Second, the ATT noted that potential financial liabilities would be placed on agencies that are then likely to make decisions on the basis of protecting their own interests. This could lead to the new rules being implemented across the board and businesses genuinely not within the new rules will be wrongly subjected to them. The CIOT added that the government would also need to consider whether an engager could adopt a ‘default position’ in particular circumstances, – say, if information is not forthcoming and what this would mean for the engager, the PSC and HMRC should a dispute follow. The CIOT also asked whether, if an engager decided not to deduct, the PSC could rely on this in determining its own position for IR35 purposes.

Third, the ATT noted that the government appeared to be placing significant emphasis on the proposed new online tool intended to enable users to determine the relevance of the IR35 rules to particular engagements. The tool has to be capable of determining whether IR35 applies, not simply in ‘black and white’ cases, but all the ‘grey areas’ in between. It is, however, difficult to see how a simple online tool could direct users to the correct conclusion when there remains significant uncertainty over the IR35 rules some 16 years after they were introduced. The CIOT also noted that the online tool was a crucial element to the new rules and thought that, unless the tool is up to the job, the administration of the new rules would move from ‘difficult’ to ‘impossible’.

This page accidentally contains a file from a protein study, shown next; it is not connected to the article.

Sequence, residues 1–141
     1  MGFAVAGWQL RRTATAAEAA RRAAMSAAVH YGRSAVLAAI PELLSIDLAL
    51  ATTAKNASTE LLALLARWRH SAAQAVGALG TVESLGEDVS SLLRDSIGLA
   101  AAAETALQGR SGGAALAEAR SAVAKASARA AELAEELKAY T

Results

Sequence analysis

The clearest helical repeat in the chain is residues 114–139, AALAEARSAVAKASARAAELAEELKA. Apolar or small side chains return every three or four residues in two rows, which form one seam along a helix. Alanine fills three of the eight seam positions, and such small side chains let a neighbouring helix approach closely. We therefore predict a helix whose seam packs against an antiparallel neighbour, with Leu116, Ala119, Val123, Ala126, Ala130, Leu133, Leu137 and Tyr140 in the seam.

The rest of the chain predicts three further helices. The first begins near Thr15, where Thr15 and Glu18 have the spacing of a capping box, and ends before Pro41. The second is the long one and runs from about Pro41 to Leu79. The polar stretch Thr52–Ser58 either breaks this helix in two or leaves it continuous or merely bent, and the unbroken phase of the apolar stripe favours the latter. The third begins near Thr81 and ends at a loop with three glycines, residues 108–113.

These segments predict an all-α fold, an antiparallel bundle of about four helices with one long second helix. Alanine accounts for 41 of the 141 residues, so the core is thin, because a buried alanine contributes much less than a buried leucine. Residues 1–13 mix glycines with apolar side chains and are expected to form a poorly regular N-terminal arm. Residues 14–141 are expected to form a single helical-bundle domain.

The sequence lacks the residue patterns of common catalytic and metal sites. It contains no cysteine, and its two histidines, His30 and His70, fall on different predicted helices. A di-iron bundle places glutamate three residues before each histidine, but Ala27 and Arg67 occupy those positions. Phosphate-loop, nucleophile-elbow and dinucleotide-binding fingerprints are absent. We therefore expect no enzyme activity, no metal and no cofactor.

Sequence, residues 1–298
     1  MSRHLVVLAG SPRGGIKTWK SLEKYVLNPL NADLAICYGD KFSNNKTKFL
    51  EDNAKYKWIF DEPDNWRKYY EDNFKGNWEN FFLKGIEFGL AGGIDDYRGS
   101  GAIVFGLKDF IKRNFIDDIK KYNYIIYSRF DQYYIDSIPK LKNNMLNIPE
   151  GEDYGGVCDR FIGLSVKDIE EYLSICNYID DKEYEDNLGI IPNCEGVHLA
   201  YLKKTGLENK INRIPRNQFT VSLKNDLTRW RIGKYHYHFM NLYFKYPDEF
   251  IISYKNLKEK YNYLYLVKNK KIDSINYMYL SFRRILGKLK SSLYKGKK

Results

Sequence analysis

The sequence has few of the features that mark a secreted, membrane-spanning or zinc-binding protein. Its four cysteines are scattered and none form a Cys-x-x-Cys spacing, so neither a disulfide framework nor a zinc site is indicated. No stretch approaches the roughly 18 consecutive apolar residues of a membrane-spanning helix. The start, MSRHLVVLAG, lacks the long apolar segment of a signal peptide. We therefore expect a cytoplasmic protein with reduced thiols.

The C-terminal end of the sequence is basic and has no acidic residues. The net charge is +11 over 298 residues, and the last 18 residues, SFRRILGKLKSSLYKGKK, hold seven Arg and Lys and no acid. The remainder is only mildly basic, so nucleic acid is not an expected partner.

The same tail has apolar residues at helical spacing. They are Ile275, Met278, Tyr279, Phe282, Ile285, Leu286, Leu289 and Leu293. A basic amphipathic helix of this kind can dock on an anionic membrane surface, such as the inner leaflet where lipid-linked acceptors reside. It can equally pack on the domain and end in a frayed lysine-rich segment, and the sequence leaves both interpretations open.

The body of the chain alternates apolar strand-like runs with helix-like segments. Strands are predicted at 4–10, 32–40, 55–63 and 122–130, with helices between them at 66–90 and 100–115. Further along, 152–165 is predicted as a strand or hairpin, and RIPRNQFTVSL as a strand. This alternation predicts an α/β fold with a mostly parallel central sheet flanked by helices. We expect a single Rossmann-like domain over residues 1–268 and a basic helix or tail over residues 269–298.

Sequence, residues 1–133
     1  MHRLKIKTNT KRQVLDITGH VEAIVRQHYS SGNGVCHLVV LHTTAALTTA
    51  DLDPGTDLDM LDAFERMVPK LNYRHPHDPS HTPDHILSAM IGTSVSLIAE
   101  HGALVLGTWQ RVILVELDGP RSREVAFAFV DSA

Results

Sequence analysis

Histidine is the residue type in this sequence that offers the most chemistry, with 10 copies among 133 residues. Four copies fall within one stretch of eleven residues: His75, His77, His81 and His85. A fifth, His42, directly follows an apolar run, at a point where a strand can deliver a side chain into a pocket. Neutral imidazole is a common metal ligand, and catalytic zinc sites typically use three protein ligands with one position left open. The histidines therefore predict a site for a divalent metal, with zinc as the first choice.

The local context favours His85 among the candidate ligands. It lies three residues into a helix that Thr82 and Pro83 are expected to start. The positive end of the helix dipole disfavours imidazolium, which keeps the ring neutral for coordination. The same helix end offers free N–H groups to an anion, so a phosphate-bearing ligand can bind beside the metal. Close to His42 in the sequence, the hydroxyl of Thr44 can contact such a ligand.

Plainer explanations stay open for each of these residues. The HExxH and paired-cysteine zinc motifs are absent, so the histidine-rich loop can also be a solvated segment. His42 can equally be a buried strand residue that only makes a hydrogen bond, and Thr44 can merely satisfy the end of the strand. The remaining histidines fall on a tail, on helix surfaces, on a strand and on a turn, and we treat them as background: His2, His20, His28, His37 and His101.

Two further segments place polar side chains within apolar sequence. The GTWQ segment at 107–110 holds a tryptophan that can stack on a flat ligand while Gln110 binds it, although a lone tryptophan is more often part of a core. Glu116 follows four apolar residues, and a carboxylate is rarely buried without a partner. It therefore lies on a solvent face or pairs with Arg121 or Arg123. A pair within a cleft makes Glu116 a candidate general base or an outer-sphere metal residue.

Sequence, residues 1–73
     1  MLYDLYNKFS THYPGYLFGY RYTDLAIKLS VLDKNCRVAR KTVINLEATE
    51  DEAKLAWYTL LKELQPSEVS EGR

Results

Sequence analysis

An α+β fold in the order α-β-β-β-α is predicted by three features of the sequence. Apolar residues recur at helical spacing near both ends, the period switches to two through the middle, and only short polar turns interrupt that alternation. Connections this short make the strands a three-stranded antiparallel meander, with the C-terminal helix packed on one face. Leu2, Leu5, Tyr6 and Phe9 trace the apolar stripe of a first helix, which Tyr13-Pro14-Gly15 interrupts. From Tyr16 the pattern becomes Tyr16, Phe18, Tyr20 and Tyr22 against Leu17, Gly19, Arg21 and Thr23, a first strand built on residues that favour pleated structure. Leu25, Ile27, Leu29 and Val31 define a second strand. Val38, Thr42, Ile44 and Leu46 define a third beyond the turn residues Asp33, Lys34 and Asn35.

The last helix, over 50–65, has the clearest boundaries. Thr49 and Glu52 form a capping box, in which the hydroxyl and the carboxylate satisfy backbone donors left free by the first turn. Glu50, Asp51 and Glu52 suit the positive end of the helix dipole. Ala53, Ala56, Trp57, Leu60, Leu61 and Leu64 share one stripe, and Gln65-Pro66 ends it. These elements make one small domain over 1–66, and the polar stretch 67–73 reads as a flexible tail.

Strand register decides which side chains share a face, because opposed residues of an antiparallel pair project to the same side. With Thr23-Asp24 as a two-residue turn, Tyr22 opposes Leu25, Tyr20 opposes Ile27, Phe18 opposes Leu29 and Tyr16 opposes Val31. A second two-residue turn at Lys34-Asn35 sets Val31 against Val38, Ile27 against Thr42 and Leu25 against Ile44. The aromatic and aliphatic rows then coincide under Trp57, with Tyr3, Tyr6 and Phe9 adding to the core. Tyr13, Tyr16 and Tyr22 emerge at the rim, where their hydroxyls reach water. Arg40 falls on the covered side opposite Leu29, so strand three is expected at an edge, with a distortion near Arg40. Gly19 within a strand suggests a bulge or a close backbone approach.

The government proposes to introduce these new rules from April 2017. The CIOT thought that, even assuming that HMRC’s online tool could be built by then, it would impose significant pressures on public sector bodies, agencies and software companies to develop and test IT systems and related procedures to capture the information required to assess whether IR35 applies (for example, whether the proposed gateway tests are passed and, if so, whether HMRC’s proposed online tool indicates that there is a deemed employment status for the worker) and, where appropriate, deduct PAYE and NIC and then report this to the Revenue.